What forms the superior cavity of the TMJ?

Temporal bone and upper part of articular disc

80

What forms the inferior cavity of the TMJ?

Mandibular condyle and inferior aspect of articular disc

81

What shapes does the articular disc have?

Upper surface is concavo-convex and lower surface is concave. Thinner centrally than at edge

82

Why is the capsule surrounding the TMJ relatively thin and loose?

Allow for movement

83

What ligaments are found at the TMJ?

Lateral, 2 medial, sphenomandibular and stylomandibular

84

Which ligament of the TMJ is the strongest?

Lateral

85

Describe the structure of the lateral ligament of the TMJ.

Zygoma --> neck and ramus of mandible with deep fibres blending with the joint capsule

86

Describe the structure of the sphenomandibular ligament.

Spine of sphenoid --> lingula

87

How does the sphenomandibular ligament prevent inferior dislocation of the TMJ?

Keeps a constant length and tension at all mandibular positions

88

Describe the structure of the stylomandibular ligament.

Styloid process --> posterior ramus of mandible as an extension of the deep parotid fascia

89

Which two structures does the stylomandibular ligament separate?

Parotid and submandibular glands

90

Does the stylomandibular ligament contribute significantly to the strength of the TMJ?

No

91

What does movement of the TMJ require?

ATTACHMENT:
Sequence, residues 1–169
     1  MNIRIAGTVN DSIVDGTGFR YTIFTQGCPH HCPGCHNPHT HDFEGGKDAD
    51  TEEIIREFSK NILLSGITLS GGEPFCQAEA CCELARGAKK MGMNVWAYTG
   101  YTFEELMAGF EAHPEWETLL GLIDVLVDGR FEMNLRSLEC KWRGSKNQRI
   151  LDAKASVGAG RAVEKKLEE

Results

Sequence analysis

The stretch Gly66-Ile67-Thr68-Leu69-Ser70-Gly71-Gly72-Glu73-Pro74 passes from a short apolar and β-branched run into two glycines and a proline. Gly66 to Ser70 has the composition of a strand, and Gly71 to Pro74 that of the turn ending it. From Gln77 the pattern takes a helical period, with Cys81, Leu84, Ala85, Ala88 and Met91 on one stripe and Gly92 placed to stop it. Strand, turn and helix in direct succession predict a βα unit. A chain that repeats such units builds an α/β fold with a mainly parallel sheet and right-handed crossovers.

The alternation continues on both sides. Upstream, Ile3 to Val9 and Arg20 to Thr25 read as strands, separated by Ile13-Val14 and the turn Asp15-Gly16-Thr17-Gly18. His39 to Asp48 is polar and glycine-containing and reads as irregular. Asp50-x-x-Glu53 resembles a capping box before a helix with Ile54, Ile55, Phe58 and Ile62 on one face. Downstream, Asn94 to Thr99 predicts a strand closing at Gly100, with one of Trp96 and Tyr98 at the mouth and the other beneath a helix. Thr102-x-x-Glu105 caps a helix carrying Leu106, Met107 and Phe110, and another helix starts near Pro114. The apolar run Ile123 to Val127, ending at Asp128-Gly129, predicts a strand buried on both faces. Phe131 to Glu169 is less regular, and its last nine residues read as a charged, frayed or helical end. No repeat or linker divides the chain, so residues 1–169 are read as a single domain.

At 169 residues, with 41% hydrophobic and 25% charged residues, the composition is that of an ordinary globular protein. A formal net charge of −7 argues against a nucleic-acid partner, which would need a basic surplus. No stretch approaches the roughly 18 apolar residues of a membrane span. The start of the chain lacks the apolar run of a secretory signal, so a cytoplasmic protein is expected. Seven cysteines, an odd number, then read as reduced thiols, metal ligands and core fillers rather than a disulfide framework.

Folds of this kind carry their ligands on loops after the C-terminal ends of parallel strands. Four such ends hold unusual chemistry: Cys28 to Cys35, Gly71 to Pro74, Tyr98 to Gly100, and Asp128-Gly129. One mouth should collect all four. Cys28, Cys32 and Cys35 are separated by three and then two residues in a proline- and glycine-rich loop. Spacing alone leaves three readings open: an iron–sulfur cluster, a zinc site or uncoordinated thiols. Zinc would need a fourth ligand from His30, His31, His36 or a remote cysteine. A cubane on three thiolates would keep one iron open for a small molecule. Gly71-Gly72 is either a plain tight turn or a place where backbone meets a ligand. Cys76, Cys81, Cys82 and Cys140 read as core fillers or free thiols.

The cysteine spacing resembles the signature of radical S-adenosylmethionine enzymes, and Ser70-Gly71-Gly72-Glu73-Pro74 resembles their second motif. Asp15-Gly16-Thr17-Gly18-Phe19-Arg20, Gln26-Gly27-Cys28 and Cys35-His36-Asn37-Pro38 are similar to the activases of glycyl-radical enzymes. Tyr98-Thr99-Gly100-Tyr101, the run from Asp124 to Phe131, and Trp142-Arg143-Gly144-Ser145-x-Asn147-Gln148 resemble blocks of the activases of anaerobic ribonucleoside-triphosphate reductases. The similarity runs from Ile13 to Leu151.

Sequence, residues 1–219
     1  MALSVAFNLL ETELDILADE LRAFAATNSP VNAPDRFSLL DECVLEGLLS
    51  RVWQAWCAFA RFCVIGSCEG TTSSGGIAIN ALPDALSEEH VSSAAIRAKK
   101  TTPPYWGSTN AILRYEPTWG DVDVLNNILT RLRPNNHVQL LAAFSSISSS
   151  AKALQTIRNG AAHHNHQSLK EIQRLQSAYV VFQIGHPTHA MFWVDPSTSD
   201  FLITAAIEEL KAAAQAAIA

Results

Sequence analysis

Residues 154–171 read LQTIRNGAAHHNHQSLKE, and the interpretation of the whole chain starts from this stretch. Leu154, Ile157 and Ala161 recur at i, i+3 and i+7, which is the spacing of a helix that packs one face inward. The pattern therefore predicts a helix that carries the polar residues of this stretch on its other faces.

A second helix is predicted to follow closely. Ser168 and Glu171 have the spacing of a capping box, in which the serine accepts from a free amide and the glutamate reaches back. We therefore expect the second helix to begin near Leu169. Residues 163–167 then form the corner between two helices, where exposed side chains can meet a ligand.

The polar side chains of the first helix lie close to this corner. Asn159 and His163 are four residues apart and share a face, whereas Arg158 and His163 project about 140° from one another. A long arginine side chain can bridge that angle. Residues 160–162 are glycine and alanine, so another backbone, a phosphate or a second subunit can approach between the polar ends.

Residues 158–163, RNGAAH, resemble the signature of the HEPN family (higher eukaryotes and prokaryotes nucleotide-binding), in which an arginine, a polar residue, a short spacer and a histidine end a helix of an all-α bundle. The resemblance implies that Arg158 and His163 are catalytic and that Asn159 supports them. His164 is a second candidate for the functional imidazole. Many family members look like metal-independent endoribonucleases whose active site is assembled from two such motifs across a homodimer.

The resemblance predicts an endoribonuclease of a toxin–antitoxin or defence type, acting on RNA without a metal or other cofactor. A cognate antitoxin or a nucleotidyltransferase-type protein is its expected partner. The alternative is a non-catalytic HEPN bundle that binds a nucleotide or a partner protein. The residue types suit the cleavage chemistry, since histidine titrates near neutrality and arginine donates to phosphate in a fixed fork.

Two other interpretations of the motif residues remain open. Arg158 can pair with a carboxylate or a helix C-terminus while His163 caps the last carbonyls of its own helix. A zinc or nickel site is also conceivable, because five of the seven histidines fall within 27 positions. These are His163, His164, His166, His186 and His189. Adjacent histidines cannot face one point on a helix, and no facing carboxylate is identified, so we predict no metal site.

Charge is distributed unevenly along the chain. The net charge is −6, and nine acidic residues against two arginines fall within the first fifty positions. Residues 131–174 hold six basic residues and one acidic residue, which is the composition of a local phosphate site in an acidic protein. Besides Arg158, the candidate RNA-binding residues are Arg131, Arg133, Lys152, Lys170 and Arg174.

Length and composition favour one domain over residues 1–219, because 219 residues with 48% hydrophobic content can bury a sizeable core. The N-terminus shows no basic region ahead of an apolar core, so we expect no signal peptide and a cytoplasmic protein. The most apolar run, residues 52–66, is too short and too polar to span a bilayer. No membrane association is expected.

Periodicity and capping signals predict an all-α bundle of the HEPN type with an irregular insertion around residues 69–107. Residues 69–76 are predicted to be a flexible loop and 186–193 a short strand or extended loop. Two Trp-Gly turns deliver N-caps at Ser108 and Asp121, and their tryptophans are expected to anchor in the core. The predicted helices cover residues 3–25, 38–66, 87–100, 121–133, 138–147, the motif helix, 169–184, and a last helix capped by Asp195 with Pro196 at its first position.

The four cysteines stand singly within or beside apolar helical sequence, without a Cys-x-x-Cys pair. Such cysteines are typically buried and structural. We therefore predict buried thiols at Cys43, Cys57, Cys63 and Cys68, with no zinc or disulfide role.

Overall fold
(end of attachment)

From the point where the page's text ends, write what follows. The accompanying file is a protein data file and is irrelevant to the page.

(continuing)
Displacement of the mandible

92

What movements can the TMJ carry out?

Translation (gliding), rotation (pivoting), elevation, depression, retraction and protrusion

93

Which cavity of the TMJ is responsible for translational movement?

Superior cavity

94

Which cavity of the TMJ facilitates rotation of the joint?

Inferior

95

What stabilises the jaw when closed?

Mandibular condyle into mandibular fossa and action of teeth

96

Where does the majority of force pass through during chewing?

Teeth

97

What prevents posterior dislocation of the jaw?

Posterior glenoid tubercle

98

What prevents anterior dislocation of the jaw?

Articular tubercle

99

What prevents inferior dislocation of the jaw?

Spheno- and stylomandibular ligaments

100

What muscles are involved in closing the mouth?

Temporalis acting at the superior cavity and temporalis, masseter and medial pterygoid acting at the inferior cavity

101

What allows protrusion of the mandible?

Lateral pterygoid acting the superior cavity

102

What allows depression of the mandible?

Digastric acting at the inferior cavity

103

Is digastric a prime mover of the mandible?